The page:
by Jennie S. Bev
On November 12, the Charter for Compassion, a document promoting peace and tolerance, will be officiated and hopefully it will serve as an antidote to religious fundamentalism.
It is the brainchild of religious scholar Karen Armstrong whose breakthrough book A History of God shook the world in 1993 with the assistance of the 2008 TED Prize of US$100,000.
The charter includes ideas and writings from people of all nations, all faiths and all religions, including Abrahamic faiths, and secular-agnostic-atheist non-faiths.
The Council of Conscience serves as the think-tank that shaped the final Charter. It consists of 18 leaders and scholars in religion, philosophy, and humanities: Salman Ahmad, Ali Asani, Rev. Dr. Joan Brown Campbell, Sadhvi Chaitanya, Bishop John Bryson Chane, Sister Joan Chittister, Sheikh Ali Gomaa, Mohsen Kadivar, Chandra Muzaffar, Baroness Julia Neuberger, Tariq Ramadan, Rabbi David Saperstein, Rabbi Awraham Soetendorp, Rev. Peter Storey, Ha Vinh Tho, Weiming Tu, Archbishop Desmond Tutu, and Jean Zaru.
Armstrong’s practical philosophy and reader-friendly writings have been criticized as lacking scholarly rigor and too idealistic in interpreting some holy books.
However, those shortcomings are a small price to pay considering her continued dedication in making the world more compassionate and success in creating ripple effects among regular readers, world leaders, and religious scholars.
This simple principle showcases how a complex philosophy can be stripped down to its bone simply as follows: “good theology” makes people more compassionate, hearts softened, and minds broadened, while “bad theology” makes people more restless, hearts hardened, and minds narrowed. And this simple principle is the backbone of the Golden Rule of the charter.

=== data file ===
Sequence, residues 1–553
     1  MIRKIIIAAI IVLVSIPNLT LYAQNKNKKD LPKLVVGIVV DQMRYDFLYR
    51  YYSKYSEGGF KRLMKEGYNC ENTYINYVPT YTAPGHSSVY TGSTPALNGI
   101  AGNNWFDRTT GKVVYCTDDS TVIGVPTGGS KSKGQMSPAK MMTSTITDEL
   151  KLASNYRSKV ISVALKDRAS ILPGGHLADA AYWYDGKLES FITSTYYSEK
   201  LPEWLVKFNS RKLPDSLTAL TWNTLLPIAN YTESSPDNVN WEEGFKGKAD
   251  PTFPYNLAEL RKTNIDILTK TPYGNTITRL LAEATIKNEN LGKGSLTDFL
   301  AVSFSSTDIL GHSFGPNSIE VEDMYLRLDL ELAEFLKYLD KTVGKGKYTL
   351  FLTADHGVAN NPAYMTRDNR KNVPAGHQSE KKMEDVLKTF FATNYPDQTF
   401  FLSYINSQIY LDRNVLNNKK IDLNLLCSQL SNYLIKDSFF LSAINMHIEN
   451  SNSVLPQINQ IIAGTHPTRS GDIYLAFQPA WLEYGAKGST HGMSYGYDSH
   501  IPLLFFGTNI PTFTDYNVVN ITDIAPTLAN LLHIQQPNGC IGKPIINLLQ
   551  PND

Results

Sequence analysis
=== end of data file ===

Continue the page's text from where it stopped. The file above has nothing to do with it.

The Golden Rule it wishes to convey is for all of us to use the power of empathy and to cause no harm to others as we would not want to be harmed. It would serve as the standard upon which religious and secular leaders’ actions and behaviors should be based.
It also serves as a topic for ongoing discourses on various humanitarian, religious, and philosophical debates. Thus, polarizations in religious and antireligious beliefs would be gradually lessened and, eventually, eliminated.
The ultimate wish is to have the charter adopted worldwide in as many communities as possible, just like the Charter of Human Rights. While it is too early to predict how influential this charter would be, we should support it wholeheartedly, considering Indonesia has been capturing the world’s attention for its recent escalation in religious fundamentalism and extremism.
It would be preferable if Indonesia sends several pluralistic leaders and scholars as delegates, if it’s not too late, to express our sincere interest in making the world and our own country less fundamentalistic and more tolerant.
By expressing to the world that Indonesia is committed to eradicating fundamentalism and extremism, we set the bar high enough that we would be embarrassed if we failed to fulfill it.
So far, we should applaud JIL, or the Liberal Islamic Network, leaders and scholars for their dedication in guarding Indonesia’s strain of moderate Islam and religious minorities.
More dedicated moderate clerics, however, are required to ensure Indonesia is not heading into the downward spiral of religious hatred and conscientiasclerosis, crise du conscience.
The challenge for Indonesia is socializing the simple principle of “good theology” at the grassroots level, as without proper introduction and internalization, radicalism and extremism based on fundamentalistic notions of religious righteousness would breed even deeper and wider.
In an article by Mohammad Yazid (The Jakarta Post, October 30, 2009), the author mentioned that many simple-minded Muslims have respect and sympathy for terrorists for their bravery and “jihad” agenda. The notion of dying in the name of one’s religion, apparently, still has its appeal.
While it might sound an idealistic calling, grassroots efforts in socializing the notions of compassion in Islam -rather than fiqh or jurisprudence– should be given stronger emphasis. Now let us be humble enough to be reminded by Armstrong, “Religion is really an art form and a struggle to find value and meaning amid the ghastly tragedy of human life.”
Compassion is the defining virtue of any religion. We should never derail ourselves from it. Not even once and not for any justification, especially not under so-called “Allah’s order.”
The Jakarta Post, November 17, 2009